Oscar ‘oops’ hits a nerve in the newsroom

By Kristen Tribe | Published Wednesday, March 1, 2017

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My husband and I sat bleary-eyed on the couch watching the Oscars Sunday night after an afternoon of Youth Fair prep with the kids.

I’m not even sure why we were glued to the TV, other than we were too tired to move. After all, I had seen only one Best Picture nominee and didn’t have a personal stake in the outcome. Yet, we watched.

Kristen Tribe

Kristen Tribe

Perhaps I was just deliriously exhausted, but I felt happy for Emma Stone, who won Best Actress for her role in “La La Land,” and Casey Affleck, awarded Best Actor for his part in “Manchester by the Sea.” We started to turn the TV off but decided, what the heck, we’ve been up this long, let’s see who wins Best Picture.

After an odd exchange between Warren Beatty and Faye Dunaway, “La La Land” was announced as the winner.

Great. Good for them.

We turned the TV off.

We retreated to the bedroom and turned that television on while we got ready for bed. No more than 5 minutes had passed, but by then, the “La La Land” cast looked dejected and the movie’s producer was announcing that “Moonlight” had, in fact, won Best Picture.

There was general confusion on stage as both casts milled about and everyone tried to figure out what to do, all while wondering how in the world the mistake occurred.

A new, brief round of acceptance speeches started, and host Jimmy Kimmel finally closed the show, albeit a bit awkwardly.

I cringed for everyone involved. Making a mistake is upsetting enough, but to do so on a public stage is nauseating. By Tuesday morning, news agencies reported a Pricewaterhouse Coopers accountant had handed the wrong envelope to Beatty.

My heart hurt for him. This might seem strange since I had no stake in the awards and have only been to the movies a handful of times this year.

But on-the-job mistakes are the worst, especially when your job is in the public eye. When most people make a mistake at work, no one outside of their boss and a co-worker or two know.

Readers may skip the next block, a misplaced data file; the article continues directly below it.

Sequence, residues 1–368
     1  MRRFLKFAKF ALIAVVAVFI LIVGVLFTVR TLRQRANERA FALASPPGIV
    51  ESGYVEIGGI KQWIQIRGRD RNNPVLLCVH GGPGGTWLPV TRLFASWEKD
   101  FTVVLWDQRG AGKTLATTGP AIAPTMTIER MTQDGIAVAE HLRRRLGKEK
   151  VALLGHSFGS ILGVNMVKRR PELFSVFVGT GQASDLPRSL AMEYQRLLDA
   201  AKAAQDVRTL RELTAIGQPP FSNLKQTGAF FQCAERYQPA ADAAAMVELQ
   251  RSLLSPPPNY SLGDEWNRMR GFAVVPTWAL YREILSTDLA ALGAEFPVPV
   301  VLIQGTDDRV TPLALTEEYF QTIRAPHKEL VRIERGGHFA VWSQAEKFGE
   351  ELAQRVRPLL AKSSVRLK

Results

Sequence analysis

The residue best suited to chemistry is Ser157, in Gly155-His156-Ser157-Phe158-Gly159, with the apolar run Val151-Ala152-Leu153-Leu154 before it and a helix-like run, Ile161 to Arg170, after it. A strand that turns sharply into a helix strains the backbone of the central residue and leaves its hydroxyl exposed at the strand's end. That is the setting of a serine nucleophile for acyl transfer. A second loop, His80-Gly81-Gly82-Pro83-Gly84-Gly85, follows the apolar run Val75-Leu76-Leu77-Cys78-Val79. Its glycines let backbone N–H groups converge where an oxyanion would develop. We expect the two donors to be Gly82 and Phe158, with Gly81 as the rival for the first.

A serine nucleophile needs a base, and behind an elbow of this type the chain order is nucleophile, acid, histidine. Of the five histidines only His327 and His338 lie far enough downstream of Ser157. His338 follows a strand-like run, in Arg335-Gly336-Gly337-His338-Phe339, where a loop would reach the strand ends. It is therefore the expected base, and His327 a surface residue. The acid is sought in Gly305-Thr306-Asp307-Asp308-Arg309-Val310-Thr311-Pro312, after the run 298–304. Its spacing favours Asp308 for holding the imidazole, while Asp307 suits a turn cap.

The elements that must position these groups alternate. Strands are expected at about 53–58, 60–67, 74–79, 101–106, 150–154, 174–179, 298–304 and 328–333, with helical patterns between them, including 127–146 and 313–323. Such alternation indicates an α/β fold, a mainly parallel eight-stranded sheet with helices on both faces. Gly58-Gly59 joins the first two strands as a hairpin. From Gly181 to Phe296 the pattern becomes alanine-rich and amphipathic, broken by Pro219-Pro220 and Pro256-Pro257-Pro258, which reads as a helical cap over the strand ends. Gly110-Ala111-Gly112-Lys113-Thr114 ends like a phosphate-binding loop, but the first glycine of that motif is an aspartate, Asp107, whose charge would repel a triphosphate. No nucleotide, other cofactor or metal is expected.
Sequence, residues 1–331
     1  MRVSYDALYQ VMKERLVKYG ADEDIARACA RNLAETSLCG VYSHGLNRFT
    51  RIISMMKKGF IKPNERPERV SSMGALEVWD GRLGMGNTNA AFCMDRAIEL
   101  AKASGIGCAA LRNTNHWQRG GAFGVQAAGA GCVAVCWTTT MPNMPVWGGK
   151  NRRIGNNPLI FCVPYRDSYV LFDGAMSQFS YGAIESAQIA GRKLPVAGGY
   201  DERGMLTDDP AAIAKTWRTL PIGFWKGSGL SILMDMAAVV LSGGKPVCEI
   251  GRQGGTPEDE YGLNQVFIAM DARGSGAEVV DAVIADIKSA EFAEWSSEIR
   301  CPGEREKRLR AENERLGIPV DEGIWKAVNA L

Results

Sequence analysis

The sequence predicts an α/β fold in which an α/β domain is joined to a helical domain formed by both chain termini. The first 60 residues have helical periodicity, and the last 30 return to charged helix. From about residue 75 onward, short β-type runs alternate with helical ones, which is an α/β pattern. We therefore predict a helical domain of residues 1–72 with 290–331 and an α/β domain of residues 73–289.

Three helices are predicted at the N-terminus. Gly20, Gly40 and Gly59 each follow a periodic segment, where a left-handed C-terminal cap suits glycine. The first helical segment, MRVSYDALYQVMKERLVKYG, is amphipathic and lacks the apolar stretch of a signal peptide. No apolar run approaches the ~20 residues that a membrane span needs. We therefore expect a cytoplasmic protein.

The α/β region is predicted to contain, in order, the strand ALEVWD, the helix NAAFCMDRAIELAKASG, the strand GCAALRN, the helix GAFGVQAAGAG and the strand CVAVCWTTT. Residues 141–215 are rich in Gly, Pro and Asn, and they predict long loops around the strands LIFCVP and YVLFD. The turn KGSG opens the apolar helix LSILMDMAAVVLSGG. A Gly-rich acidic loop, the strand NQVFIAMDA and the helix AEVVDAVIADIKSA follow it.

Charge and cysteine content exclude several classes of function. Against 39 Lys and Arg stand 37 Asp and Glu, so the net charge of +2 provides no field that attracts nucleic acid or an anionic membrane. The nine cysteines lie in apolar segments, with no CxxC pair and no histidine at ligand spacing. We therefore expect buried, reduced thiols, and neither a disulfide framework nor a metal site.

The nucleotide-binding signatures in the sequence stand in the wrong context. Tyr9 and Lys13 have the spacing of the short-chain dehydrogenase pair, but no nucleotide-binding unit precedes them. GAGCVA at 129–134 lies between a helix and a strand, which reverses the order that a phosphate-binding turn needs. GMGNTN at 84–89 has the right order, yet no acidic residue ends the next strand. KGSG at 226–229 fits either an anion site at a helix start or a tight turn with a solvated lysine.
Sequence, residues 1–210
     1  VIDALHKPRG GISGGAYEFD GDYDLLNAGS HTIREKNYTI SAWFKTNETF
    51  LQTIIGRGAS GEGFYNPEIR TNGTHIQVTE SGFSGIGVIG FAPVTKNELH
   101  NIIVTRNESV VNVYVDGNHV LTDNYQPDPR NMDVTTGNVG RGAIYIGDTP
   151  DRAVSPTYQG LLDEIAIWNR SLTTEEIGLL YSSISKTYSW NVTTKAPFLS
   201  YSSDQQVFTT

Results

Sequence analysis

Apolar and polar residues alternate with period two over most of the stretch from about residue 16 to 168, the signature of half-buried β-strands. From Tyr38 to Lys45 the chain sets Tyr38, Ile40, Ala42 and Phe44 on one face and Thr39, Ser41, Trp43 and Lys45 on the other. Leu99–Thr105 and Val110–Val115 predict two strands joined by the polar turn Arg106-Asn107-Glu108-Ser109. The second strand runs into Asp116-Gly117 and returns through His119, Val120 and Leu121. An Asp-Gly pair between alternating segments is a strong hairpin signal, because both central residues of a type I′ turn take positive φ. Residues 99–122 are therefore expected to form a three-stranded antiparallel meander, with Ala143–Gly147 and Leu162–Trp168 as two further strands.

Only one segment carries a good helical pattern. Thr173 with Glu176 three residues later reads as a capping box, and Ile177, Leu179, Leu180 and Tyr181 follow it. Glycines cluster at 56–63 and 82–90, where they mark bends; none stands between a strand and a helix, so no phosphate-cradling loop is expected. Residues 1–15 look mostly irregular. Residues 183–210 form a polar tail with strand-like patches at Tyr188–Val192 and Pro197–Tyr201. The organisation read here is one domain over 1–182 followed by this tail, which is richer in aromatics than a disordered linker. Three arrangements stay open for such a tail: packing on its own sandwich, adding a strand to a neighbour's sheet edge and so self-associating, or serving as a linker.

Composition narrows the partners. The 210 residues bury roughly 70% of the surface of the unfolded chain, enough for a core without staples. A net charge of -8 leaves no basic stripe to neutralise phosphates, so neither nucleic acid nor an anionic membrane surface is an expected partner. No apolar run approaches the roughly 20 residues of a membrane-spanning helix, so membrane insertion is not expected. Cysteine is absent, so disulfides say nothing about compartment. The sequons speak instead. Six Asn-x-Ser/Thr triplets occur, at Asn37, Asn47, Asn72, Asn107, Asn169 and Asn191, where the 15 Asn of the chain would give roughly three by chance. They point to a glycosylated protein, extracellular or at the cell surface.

When you make a mistake at the Oscars, the world knows. When you make a mistake in this newspaper, you’ve embarrassed yourself in front of all of Wise County.

Wise County is small potatoes compared to the whole, entire world, but you know what I mean: the mistake is out there for everyone to see and talk about. There’s no keeping it a secret. And to make matters worse, it’s preserved in the newspaper, right there in black-and-white, for all of history.

We strive at the Messenger to uphold the highest standards of accuracy and attention to detail, but alas, we’re human and make mistakes in print from time to time. But please know that we hate it.

There is no hierarchy of mistakes either. Whether it’s a misspelled name, a busted headline or a wrong page number, they are equally painful and embarrassing. There are a few mistakes that still make my stomach churn to think about. They haunt you, but I will say, like most in life, you don’t make that same mistake again.

That being said, despite what some people assume, we put great thought into our stories and give careful consideration to the content of the paper. We want to serve Wise County readers and constantly strive to do a better job than the day before. Making mistakes simply isn’t an option.

I guess the good thing about this business is, no matter the mistake, there’s another issue coming, a chance for redemption. That next edition doesn’t heal the wound from the previous mistake, but it’s an opportunity to be better.

Unfortunately, the Oscars is an annual event, and 12 months is a long time to wait for the next envelope.

Kristen Tribe is editor of the Wise County Messenger.

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